How to Spend 24 Hours in Fez

Fez Tannery | © Elena/Flickr
Photo of Yasmine Guermoudi
Web Content Writer17 September 2017

Fez is Morocco’s second largest city and its Old Medina is one of the largest intact surviving medinas of the world. The cultural capital of the Kingdom, it is definitely worth a spot on travellers’ itineraries; even if visitors are only able to fit in a quick visit, here is how to get the most out of this historical city in 24 hours.

The perfect day in Fez starts with a brunch at The Ruined Garden. Located in the heart of the old town, Fez El Bali, go through the main gate—called Bab Boujloud—and enjoy an amazing view of the minaret of the Medersa Bou Inania.

At the café, savor the brunch with vegetarian tapas, soup, local bread with olive oil, and a beverage of your choice. The sounds of birds while sitting in the green garden enjoying the fresh mint tea is the perfect way to start the day in a relaxing atmosphere.

Medersa Bou Inania | © Singa Hitam/Flickr

Next, it’s time to discover the Medina. With traditional shopping souks, the Al-Andalous Mosque (famous for its prominent green and white minaret and built in 1321), and the amazing Medersa Sahrij, enjoy the picturesque handmade tiles and a pool area.

Quaraouiyine Mosque | © Younesberrada/Wikimedia Commons

Nearby, Al Quaraouiyine Mosque, one of the most distinguished universities in the world. Built in 857 AD, its library contains more than 30,000 books including a 9th century Qur’an.

It now only serves as a mosque and cannot be entered by non-Muslims. However, visitors can get a great view of it from nearby rooftop restaurants.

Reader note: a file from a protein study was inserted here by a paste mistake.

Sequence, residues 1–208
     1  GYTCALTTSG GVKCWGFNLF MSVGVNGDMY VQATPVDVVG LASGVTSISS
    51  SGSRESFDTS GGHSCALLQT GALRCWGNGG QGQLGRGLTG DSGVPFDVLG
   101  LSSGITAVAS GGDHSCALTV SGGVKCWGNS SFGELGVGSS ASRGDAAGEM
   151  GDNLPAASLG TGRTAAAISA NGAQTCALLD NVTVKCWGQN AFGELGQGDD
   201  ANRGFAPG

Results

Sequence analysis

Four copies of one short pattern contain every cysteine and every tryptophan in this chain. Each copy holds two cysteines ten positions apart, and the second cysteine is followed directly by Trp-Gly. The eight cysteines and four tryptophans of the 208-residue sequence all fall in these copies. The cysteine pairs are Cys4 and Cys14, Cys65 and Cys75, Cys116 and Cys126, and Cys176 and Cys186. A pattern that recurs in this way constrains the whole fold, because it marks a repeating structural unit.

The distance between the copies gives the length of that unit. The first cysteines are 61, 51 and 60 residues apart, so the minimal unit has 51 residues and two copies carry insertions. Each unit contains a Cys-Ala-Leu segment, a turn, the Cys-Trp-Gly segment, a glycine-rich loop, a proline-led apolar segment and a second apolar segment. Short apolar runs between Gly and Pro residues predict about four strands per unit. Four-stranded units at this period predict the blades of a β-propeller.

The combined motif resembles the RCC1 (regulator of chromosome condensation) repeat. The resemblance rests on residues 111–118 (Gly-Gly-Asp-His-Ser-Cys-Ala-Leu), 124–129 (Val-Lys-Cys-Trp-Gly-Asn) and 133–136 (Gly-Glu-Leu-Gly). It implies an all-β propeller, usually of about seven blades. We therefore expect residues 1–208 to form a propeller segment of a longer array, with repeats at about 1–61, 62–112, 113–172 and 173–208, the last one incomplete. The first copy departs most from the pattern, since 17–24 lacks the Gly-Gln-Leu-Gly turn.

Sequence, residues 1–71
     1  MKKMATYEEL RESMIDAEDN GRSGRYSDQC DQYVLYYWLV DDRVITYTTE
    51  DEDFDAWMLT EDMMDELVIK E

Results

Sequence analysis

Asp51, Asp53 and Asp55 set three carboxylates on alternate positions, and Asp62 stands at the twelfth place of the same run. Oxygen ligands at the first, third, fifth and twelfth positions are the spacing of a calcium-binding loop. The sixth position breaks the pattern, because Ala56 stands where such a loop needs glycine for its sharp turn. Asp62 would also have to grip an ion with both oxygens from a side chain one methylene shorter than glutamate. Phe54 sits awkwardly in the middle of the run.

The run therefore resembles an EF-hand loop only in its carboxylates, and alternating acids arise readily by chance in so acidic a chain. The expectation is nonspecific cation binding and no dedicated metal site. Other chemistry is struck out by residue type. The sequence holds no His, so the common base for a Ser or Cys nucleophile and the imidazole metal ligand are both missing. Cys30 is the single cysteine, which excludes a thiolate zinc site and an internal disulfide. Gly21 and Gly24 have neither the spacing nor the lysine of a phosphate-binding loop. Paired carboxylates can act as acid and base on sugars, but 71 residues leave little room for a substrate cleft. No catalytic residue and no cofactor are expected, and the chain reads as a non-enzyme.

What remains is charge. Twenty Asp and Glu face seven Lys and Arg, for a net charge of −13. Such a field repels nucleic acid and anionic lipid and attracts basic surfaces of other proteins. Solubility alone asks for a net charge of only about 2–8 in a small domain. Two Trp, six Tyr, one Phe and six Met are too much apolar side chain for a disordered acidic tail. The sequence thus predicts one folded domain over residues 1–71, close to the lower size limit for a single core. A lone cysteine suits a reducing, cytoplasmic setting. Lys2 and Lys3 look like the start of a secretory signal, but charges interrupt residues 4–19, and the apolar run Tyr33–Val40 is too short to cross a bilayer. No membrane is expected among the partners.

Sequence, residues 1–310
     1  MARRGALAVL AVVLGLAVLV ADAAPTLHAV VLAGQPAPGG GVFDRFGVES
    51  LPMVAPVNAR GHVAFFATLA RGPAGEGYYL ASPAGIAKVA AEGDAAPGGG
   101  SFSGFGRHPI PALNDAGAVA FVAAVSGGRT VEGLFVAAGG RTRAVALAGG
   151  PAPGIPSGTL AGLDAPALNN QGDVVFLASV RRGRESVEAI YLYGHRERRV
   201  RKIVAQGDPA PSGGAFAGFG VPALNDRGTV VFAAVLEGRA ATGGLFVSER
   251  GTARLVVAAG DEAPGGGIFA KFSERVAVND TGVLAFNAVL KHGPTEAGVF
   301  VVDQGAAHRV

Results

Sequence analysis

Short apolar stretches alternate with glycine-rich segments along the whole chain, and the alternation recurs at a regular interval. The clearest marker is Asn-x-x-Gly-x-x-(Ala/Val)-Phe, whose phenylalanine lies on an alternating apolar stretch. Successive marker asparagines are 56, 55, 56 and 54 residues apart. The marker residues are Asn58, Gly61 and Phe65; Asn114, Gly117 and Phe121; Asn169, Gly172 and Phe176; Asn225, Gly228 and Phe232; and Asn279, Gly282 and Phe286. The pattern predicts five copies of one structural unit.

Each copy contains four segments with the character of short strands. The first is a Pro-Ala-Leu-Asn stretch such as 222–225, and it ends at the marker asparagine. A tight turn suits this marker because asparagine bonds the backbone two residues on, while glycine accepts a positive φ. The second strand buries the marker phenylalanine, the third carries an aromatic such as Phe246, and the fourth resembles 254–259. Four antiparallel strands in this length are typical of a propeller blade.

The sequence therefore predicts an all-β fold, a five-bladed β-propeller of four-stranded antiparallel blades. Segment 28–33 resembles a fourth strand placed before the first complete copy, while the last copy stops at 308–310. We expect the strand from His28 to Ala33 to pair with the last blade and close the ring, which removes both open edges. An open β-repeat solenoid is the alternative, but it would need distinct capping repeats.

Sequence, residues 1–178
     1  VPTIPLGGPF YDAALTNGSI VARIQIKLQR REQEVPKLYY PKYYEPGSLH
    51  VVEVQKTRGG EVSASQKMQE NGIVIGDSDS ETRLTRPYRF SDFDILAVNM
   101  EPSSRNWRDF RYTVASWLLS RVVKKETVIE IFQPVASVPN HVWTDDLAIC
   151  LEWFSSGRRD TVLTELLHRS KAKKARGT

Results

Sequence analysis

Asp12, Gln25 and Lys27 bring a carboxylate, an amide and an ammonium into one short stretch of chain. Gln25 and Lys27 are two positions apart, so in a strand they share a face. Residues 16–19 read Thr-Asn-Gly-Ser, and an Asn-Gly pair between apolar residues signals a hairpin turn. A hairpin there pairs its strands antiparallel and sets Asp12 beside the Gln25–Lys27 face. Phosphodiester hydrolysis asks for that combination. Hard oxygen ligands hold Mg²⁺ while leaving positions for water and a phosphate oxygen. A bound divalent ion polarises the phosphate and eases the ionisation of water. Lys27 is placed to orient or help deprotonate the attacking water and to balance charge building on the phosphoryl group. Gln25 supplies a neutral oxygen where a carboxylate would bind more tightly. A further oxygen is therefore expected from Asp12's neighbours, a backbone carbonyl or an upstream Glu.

Throughout the neighbourhood, items like leather and metalwork, zellij (Moroccan tiles), Moroccan slippers, and rainbow-glass lamps are all displayed and sold at stalls in the narrow streets just west of the Al Quaraouiyine Mosque. This is also the famous area of the Chouara Tannery of Fez, one of the top things to see in the Old Medina.

Fez Tannery | © Andrew Nash/Flickr | © Andrew Nash / Flickr

Dar Batha Museum stands near Fez El Bali’s entrance. Located inside a Hispano-Moorish palace built in the 19th century, the museum presents a selection of traditional Moroccan craftsmanship including wood-carved doors, embroidery, carpets, wrought-iron work, and jewellery. The main area of Dar Batha is the ceramics room where the famous Fez blue ceramics are featured.

Dar Batha Museum | © Mike Prince/Flickr

It’s probably dinner time at this point, and the best place to have dinner nearby is Café Clock. This restaurant, still in the traditional décor of Morocco, is an amazing spot to sit down and relax from the crowded streets of the Medina. It offers free WiFi and a variety of menu items such as burgers, tagines, and delicious chocolate cakes.

While leaving Fez via Bab Boujloud, the best way to say goodbye to the Old Town is to walk up the steep hill towards Borj Nord, a 16th-century fortress overlooking the entire walled Medina and the green hills beyond.

View of Fez | © xiquinhosilva/Flickr

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